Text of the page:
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Astronomers have found possible life support conditions in the nearest exoplanet


In August 2016, astronomers from the European Southern Observatory (ESO) announced the discovery of an exoplanet in the neighboring system of Proxima Centauri. The news was received with great enthusiasm, since this was the rocky planet closest to our Solar System that also orbited within the habitable zone of its star.

Since then, multiple studies have been conducted to determine if this planet could really sustain life.

Unfortunately, most of the research so far has indicated that the probability of habitability is not good. Between the variability of Proxima Centauri and the planet blocked by the tide with its star, life would have difficulties to survive there.

However, using primitive Earth life forms as an example, a new study by researchers at the Carl Sagan Institute (CSI) shows how life might have a fighting chance in Proxima b after all.

Artistic impression of the surface of Proxima b, orbiting the red dwarf star. (THAT)Artistic impression of the surface of Proxima b, orbiting the red dwarf star. (THAT)

The study, which appeared recently in the Monthly Notices of the Royal Astronomical Society, was conducted by Jack O & # 39; Malley-James and Lisa Kaltenegger, associate researcher and director of the Carl Sagan Institute at Cornell University.

Together, they examined the levels of surface UV flux that planets that orbit M-type stars (red dwarf stars) will experience and compare it with conditions on the primordial Earth.

The potential habitability of red dwarf systems is something that scientists have debated for decades. On the one hand, they have a number of attributes that are encouraging, one of which is not the most common.

Essentially, red dwarfs are the most common type of star in the Universe, and they represent 85 percent of the stars only in the Milky Way.

They also have the longest lifespan, with lifetimes that can last up to billions of years. Last but not least, they seem to be the most likely stars to house rocky planet systems.

This is demonstrated by the large number of rocky planets discovered around neighboring red dwarf stars in recent years, such as Proxima b, Ross 128b, LHS 1140b, Gliese 667Cc, GJ 536, the seven rocky planets orbiting TRAPPIST-1.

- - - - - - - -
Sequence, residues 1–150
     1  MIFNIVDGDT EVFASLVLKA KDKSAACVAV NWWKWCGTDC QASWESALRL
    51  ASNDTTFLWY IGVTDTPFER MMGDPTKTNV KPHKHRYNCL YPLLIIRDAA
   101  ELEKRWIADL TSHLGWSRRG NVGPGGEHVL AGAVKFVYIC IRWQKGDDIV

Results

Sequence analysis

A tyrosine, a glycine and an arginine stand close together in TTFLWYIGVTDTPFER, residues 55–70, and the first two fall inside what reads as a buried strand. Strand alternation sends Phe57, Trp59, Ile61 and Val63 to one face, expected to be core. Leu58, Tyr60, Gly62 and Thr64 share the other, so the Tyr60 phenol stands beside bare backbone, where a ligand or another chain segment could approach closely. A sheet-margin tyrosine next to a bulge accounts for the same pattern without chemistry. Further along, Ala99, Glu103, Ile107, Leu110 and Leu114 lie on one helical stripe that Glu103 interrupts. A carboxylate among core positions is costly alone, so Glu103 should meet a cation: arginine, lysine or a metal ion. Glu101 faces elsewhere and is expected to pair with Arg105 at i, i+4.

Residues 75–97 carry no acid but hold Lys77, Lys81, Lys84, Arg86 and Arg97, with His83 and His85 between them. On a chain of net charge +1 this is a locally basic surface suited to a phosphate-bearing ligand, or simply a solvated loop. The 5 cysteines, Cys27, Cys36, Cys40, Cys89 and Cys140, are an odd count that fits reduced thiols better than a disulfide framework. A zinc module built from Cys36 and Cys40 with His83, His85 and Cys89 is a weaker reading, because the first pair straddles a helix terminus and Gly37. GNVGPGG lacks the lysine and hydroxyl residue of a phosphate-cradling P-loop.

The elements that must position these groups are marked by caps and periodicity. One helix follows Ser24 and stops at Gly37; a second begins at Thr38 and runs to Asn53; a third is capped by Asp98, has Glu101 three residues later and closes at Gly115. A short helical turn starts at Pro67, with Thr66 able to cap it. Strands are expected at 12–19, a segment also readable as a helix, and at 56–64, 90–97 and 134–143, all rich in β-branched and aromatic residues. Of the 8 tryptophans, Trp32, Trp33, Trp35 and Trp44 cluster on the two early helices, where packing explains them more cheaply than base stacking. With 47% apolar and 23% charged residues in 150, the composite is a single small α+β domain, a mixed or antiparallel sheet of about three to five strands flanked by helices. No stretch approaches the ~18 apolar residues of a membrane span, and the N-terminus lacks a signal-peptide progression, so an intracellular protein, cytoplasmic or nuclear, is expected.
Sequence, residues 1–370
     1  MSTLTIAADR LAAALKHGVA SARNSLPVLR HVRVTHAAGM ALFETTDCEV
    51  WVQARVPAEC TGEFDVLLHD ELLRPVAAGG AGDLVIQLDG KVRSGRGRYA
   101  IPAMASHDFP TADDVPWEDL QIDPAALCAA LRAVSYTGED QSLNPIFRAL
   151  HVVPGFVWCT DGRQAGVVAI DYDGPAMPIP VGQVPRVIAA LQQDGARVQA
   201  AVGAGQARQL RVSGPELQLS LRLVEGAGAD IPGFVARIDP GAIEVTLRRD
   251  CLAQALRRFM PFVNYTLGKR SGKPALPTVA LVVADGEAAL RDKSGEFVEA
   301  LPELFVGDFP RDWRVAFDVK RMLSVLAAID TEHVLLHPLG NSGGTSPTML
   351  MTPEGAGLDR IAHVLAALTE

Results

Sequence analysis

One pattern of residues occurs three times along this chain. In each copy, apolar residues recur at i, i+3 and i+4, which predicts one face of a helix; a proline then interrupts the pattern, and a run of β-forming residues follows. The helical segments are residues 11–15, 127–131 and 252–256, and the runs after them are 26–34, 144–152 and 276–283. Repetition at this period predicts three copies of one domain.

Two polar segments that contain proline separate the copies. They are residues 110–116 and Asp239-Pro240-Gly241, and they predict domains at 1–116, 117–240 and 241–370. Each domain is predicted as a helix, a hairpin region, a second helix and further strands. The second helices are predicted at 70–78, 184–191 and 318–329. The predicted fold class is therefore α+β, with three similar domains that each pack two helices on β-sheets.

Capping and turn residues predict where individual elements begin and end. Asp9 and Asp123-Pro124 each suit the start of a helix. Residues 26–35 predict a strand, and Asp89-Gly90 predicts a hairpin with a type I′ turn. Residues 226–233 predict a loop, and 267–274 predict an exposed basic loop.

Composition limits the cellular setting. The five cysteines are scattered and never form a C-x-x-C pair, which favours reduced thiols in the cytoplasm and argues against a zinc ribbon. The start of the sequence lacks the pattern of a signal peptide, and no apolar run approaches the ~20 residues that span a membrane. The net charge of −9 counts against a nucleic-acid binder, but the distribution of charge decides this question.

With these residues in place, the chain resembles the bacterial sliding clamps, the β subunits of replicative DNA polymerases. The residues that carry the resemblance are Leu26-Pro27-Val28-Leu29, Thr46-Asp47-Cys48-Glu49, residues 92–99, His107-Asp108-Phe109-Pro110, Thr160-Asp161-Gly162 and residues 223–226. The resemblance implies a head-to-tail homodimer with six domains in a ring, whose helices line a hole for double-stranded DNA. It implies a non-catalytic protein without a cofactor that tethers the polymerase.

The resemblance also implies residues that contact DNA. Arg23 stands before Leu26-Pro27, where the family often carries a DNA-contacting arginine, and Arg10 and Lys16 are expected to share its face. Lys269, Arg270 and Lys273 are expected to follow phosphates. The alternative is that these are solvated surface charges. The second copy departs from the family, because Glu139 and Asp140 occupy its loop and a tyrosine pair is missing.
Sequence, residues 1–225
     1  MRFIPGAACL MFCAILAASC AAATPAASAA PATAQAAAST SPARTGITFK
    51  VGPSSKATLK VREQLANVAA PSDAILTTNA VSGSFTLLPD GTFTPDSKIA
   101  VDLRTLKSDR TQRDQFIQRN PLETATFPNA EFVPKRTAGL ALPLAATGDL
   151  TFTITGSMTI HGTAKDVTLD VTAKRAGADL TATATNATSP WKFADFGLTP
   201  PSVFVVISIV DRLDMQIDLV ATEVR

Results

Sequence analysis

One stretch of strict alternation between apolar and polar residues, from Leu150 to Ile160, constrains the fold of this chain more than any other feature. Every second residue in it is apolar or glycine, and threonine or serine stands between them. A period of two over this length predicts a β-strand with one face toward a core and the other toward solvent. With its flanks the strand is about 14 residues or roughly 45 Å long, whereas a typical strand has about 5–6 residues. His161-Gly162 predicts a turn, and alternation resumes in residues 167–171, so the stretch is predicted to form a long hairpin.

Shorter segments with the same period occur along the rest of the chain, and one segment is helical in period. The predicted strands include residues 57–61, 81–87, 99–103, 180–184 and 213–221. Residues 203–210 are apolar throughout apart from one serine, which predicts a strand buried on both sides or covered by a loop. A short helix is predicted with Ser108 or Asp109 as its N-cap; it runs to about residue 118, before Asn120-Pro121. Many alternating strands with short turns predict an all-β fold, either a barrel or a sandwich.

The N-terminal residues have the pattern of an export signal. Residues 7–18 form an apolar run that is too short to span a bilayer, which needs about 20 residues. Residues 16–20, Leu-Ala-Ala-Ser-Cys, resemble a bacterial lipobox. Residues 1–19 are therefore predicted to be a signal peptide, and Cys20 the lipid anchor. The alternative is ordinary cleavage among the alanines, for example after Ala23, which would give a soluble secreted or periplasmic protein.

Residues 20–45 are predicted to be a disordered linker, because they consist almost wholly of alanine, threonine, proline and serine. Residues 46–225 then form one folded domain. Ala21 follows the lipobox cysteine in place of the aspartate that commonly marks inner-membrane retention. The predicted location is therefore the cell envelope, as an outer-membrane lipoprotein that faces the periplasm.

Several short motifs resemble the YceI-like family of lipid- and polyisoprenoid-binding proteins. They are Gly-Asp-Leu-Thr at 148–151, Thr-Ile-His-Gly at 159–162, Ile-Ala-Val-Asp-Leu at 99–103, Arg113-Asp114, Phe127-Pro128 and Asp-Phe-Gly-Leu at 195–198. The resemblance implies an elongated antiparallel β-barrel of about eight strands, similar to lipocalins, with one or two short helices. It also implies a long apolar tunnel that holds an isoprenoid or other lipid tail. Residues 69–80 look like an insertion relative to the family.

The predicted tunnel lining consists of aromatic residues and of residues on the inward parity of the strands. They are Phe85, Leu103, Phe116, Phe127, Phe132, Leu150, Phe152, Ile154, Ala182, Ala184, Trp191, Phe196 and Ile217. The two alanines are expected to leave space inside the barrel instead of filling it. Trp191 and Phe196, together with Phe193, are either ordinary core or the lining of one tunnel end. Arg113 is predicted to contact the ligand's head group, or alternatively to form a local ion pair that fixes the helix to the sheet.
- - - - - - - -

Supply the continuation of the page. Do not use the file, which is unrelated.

Artistic impression of the planets orbiting the ultra-cool red dwarf star TRAPPIST-1. (THAT)Artistic impression of the planets orbiting the ultra-cool red dwarf star TRAPPIST-1. (THAT)

However, red dwarf stars also present many impediments to habitability, one of which is their variable and unstable nature. As O & # 39; Malley-James explained to Universe Today via email:

"The main barrier to the habitability of these worlds is the activity of their host stars, regular stellar eruptions can bathe these planets with high levels of biologically damaging radiation, and for longer periods, the attack of X-ray radiation has charged the particle fluxes of the host stars placing the atmospheres of these planets at risk of being stripped away over time if a planet can not replenish its atmosphere fast enough. "

For generations, scientists have struggled with questions about the habitability of planets orbiting red dwarf stars.

Unlike our Sun, these ultra low and low mass dwarf stars are variable, unstable and prone to outbreaks. These flares emit a large amount of high energy UV radiation, which is detrimental to life as we know it and capable of eliminating the atmospheres of a planet.

This places significant limitations on the ability of any planet that orbits a red dwarf star to give life or remain habitable for a long time. However, as previous studies have shown, much of this depends on the density and composition of the atmospheres of the planets, not to mention whether the planet has a magnetic field or not.